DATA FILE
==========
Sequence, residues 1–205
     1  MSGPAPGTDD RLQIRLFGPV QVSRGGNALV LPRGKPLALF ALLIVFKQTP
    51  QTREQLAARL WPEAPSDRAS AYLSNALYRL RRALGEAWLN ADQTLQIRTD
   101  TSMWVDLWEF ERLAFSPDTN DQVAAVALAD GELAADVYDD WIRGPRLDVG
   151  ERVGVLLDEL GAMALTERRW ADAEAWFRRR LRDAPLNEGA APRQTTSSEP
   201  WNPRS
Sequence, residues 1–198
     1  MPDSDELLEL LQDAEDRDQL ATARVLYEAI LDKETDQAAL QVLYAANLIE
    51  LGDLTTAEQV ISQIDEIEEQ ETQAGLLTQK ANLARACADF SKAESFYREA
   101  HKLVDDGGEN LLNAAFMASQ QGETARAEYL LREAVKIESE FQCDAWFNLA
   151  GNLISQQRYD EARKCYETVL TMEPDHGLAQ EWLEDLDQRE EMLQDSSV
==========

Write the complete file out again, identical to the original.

Sequence, residues 1–205
     1  MSGPAPGTDD RLQIRLFGPV QVSRGGNALV LPRGKPLALF ALLIVFKQTP
    51  QTREQLAARL WPEAPSDRAS AYLSNALYRL RRALGEAWLN ADQTLQIRTD
   101  TSMWVDLWEF ERLAFSPDTN DQVAAVALAD GELAADVYDD WIRGPRLDVG
   151  ERVGVLLDEL GAMALTERRW ADAEAWFRRR LRDAPLNEGA APRQTTSSEP
   201  WNPRS
Sequence, residues 1–198
     1  MPDSDELLEL LQDAEDRDQL ATARVLYEAI LDKETDQAAL QVLYAANLIE
    51  LGDLTTAEQV ISQIDEIEEQ ETQAGLLTQK ANLARACADF SKAESFYREA
   101  HKLVDDGGEN LLNAAFMASQ QGETARAEYL LREAVKIESE FQCDAWFNLA
   151  GNLISQQRYD EARKCYETVL TMEPDHGLAQ EWLEDLDQRE EMLQDSSV